Depending on jurisdiction, offenses requiring registration range in their severity from public urination or adolescent sexual experimentation with peers, to violent rape and murder of children.In a few states non-sexual offenses such as unlawful imprisonment requires sex offender registration.
Those restrictions, many victims’ families argue, are necessary to prevent sex offenders from engaging in further criminal activity. A more pressing difficulty, however, is often finding a place to live.
The offenders are photographed and fingerprinted by law enforcement, and in some cases DNA information is also collected.
Registrants are often subject to restrictions that bar them from working or living within a defined distance of schools, parks, and the like; these restrictions can vary from county to county and from one municipality to another.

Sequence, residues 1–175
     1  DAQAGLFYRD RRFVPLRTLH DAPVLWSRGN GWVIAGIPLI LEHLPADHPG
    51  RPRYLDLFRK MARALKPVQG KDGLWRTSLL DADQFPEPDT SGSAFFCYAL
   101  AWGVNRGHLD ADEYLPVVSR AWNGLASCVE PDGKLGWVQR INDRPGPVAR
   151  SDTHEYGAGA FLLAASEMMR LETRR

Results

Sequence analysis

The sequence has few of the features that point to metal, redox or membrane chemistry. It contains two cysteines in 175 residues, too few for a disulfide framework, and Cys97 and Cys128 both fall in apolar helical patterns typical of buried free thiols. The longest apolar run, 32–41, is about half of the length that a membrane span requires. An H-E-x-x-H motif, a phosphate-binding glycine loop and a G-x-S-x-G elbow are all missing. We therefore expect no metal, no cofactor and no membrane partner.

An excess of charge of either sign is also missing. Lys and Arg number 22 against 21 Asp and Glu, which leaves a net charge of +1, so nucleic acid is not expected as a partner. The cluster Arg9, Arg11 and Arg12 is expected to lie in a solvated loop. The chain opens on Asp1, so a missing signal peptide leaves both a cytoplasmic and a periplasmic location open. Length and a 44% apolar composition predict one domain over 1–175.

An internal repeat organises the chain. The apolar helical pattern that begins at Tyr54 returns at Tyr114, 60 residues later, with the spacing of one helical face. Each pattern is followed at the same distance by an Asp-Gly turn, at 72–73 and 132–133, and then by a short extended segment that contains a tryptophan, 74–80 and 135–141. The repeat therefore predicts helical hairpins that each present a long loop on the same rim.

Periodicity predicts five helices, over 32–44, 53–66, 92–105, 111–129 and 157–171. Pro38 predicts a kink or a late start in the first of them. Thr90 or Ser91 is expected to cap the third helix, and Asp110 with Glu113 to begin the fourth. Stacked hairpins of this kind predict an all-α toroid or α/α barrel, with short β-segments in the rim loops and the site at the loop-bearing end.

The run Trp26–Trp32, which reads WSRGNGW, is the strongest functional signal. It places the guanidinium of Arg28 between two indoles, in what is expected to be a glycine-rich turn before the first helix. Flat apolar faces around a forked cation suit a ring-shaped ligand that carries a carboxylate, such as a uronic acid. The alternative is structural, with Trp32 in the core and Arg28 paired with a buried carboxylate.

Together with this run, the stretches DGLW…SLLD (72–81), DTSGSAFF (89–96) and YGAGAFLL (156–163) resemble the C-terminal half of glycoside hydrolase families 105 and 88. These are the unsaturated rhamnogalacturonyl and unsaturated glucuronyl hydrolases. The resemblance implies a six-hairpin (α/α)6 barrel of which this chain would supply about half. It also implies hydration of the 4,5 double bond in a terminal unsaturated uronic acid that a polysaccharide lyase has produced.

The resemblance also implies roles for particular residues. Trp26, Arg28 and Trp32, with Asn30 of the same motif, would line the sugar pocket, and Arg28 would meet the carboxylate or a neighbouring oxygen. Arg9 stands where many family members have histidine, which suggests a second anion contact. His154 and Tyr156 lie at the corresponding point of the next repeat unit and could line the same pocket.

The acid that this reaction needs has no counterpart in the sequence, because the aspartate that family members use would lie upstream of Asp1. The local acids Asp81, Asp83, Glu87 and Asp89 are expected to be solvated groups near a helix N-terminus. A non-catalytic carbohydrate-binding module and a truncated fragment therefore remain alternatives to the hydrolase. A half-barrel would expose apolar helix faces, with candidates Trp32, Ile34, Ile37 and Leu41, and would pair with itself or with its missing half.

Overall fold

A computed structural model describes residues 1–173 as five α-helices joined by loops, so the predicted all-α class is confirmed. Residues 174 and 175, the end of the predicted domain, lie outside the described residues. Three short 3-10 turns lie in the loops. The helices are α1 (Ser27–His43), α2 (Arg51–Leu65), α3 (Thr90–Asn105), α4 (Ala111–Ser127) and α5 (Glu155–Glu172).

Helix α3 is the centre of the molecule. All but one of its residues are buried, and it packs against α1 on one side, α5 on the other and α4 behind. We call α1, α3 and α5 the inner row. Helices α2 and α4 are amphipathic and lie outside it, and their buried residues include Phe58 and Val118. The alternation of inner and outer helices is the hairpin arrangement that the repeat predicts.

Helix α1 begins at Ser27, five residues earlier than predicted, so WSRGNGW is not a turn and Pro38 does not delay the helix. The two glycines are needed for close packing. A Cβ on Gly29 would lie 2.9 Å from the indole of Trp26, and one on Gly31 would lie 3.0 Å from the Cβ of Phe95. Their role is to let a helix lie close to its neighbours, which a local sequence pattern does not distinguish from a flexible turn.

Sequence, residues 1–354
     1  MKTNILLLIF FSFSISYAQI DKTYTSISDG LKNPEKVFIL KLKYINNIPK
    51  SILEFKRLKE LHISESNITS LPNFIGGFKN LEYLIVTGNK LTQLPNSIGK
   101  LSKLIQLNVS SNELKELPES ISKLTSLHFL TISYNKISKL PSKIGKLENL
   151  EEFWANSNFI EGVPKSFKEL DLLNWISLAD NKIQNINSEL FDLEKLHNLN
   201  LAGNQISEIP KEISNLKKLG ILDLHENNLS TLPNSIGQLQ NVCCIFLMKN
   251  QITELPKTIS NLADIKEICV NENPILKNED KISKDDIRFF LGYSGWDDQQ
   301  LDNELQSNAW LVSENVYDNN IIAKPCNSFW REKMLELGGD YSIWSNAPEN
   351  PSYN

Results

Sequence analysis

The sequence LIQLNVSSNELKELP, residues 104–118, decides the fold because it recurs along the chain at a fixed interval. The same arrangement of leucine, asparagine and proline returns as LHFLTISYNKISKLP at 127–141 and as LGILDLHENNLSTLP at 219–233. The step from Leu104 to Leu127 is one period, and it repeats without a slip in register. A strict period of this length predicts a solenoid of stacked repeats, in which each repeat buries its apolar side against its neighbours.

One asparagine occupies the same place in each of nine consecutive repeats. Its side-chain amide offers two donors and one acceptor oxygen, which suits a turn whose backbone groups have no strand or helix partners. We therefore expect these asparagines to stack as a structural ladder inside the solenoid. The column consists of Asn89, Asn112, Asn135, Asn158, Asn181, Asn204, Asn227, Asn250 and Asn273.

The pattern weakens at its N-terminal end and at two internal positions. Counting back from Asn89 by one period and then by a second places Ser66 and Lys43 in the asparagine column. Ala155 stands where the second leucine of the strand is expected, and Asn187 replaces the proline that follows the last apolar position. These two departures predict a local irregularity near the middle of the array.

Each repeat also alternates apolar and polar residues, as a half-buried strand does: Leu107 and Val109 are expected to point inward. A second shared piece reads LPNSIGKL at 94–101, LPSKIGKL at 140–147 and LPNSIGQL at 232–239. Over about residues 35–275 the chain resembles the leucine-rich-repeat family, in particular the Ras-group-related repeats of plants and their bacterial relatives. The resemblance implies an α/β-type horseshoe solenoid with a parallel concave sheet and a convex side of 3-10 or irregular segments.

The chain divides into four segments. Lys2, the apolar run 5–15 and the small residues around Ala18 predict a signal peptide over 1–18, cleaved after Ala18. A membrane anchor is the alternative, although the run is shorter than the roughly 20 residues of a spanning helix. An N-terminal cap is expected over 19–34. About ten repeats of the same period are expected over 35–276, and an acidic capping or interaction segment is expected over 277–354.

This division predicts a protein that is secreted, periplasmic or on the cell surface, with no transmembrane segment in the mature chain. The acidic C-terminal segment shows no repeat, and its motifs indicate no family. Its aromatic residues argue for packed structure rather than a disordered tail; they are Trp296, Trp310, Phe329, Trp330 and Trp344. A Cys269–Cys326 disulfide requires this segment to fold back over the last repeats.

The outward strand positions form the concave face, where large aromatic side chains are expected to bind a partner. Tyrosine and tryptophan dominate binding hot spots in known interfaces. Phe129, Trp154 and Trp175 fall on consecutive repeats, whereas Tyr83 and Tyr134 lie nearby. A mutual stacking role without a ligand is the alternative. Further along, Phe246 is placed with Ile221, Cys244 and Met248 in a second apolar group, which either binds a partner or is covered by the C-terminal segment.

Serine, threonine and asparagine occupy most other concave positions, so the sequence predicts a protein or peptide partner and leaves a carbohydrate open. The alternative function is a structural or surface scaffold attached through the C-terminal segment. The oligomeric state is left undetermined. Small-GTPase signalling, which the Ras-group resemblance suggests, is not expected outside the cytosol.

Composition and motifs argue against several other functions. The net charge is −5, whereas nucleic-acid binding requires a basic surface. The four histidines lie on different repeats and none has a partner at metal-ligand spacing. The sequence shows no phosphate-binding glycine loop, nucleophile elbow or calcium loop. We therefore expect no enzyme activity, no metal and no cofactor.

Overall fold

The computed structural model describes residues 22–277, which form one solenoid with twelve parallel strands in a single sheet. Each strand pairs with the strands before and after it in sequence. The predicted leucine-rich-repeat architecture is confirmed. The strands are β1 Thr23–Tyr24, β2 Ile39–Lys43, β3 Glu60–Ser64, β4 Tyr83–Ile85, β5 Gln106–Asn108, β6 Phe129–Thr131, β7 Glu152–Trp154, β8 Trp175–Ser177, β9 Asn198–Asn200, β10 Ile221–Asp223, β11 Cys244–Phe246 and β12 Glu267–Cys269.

The majority of states and the federal government apply systems based on conviction offenses only, where the requirement to register as a sex offender is a consequence of conviction of or guilty plea to a "sex offense" that triggers a mandatory registration requirement.
The trial judge typically can not exercise judicial discretion, and is barred from considering mitigating factors with respect to registration.